• Have already had rucaparib or a similar drug (the trial team can tell you this)
  • Have had an experimental drug within 4 weeks of agreeing to take part in this trial
  • Are taking certain medications that can affect how rucaparib works (the trial team can advise you about this)
  • Have certain heart problems (the trial doctor can tell you about this)
  • Have another medical or mental health condition that could affect you taking part in this trial
  • Are pregnant or breastfeeding

Trial design

This is a phase 2 trial. The researchers need 91 people to join. Everyone taking part will have rucaparib.

Rucaparib is a tablet. You take 5 tablets twice a day for 12 to 14 days. How long you take it will depend on when you start chemotherapy or have surgery. If you are having chemotherapy you need to finish rucaparib at least 3 days before starting chemotherapy.

The researchers will ask for up to 2 samples of cancer tissue (biopsies Open a glossary item) before you start rucaparib. These samples may be taken from a biopsy you had when you were were diagnosed. If this isn’t available then the trial team will take the samples before you start rucaparib.

They will also ask for another 2 samples of tissue after stopping rucaparib. If you are having surgery, your surgeon will take these during your operation. If you are having chemotherapy, your doctor will arrange for these to be taken.

The trial team will also ask for some extra blood samples. They will use these samples to find out how well your cancer responds to rucaparib.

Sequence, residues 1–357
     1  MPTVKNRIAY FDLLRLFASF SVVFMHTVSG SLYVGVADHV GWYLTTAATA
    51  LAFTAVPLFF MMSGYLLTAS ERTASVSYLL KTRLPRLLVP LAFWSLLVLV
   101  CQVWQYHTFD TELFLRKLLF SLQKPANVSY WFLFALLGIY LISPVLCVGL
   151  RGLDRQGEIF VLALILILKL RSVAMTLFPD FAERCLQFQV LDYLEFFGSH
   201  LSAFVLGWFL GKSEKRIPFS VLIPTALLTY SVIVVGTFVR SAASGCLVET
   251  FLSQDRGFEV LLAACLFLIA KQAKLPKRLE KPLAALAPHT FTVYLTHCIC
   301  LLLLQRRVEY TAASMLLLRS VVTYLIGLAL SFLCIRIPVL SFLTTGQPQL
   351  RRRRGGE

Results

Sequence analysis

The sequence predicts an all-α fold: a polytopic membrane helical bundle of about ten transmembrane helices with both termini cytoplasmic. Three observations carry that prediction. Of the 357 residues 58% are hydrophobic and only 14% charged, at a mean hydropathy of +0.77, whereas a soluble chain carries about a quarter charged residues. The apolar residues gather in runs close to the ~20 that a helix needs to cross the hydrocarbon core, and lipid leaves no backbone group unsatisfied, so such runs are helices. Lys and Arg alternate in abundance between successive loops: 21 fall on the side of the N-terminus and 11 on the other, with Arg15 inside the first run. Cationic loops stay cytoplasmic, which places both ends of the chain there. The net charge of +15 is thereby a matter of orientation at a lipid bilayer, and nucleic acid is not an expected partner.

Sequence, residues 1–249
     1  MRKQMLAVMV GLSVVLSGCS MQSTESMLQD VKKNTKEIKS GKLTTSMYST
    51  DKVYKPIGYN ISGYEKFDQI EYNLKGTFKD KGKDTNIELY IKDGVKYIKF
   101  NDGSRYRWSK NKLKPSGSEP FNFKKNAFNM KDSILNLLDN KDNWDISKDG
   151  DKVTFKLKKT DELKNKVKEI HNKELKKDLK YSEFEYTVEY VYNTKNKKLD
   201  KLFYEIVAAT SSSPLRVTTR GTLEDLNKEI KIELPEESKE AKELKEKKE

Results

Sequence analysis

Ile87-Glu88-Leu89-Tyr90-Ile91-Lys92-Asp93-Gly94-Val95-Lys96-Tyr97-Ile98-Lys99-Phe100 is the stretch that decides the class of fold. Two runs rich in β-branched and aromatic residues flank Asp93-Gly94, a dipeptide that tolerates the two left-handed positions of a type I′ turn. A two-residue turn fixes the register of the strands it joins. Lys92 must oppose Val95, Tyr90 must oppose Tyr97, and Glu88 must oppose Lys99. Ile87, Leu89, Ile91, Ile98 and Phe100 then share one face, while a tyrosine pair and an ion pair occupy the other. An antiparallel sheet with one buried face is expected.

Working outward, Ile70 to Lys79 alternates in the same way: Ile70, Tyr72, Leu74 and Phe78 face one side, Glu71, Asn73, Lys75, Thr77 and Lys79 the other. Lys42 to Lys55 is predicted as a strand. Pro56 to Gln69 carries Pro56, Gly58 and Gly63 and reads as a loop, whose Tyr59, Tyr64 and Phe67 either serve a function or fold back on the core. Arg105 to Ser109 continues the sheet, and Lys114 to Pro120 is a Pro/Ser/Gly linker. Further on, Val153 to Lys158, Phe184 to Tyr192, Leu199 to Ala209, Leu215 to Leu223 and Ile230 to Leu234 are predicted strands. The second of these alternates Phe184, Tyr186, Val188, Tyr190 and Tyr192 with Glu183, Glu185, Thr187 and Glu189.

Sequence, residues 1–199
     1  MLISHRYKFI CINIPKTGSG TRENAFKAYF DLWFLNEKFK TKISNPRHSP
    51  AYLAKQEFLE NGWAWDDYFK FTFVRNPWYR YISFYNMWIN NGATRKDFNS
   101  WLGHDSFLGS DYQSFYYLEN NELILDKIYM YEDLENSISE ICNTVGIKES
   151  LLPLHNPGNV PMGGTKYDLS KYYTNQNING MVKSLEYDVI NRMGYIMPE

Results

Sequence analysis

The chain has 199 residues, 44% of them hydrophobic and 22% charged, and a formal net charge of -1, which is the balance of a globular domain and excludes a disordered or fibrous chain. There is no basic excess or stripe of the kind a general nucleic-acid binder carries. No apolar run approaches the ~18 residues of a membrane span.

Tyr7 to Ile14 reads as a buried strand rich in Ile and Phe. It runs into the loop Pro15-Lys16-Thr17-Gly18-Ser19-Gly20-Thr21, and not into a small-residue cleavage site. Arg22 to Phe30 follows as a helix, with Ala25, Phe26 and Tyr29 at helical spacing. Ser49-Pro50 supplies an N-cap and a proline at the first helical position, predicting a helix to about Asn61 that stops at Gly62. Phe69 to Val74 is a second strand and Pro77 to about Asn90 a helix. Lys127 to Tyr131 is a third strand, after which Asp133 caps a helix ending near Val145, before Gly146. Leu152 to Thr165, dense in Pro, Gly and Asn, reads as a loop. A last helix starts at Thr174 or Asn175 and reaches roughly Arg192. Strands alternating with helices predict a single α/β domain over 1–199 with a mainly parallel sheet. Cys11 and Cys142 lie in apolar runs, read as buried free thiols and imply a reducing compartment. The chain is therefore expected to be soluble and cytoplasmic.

Hospital visits

You see the doctor to have some tests before taking part. These tests include

  • A physical examination
  • Blood tests
  • Heart trace (ECG Open a glossary item)
  • Ultrasound of your breast and lymph nodes in your armpit

A week after starting rucaparib a member of the trial team will phone you to see how you are.

Before you have surgery or start chemotherapy you see the doctor again for a physical examination and blood tests.

A month after stopping rucaparib you see the doctor for a physical examination and blood tests. They will then tell you how often they want to see you.

Side effects

Rucaparib is a new drug and there may be side effects we don’t know about yet. The most common side effects of rucaparib reported so far includes

Recruitment start:

Recruitment end:

How to join a clinical trial

Please note: In order to join a trial you will need to discuss it with your doctor, unless otherwise specified.

Please note - unless we state otherwise in the summary, you need to talk to your doctor about joining a trial.

Chief Investigator

Dr Nicholas Turner

Supported by

Cancer Research UK
Clovis Oncology Inc
Experimental Cancer Medicine Centre (ECMC)
Institute of Cancer Research (ICR)
NIHR Clinical Research Network: Cancer
The Royal Marsden NHS Foundation Trust

Other information

This is Cancer Research UK number CRUK/12/034.

Questions about cancer? Contact our information nurses

Freephone 0808 800 4040

Last review date

CRUK internal database number:

10083

Please note - unless we state otherwise in the summary, you need to talk to your doctor about joining a trial.

Harriet wanted to try new treatments

Picture of Harriet

“I was keen to go on a clinical trial. I wanted to try new cancer treatments and hopefully help future generations.”

Last reviewed: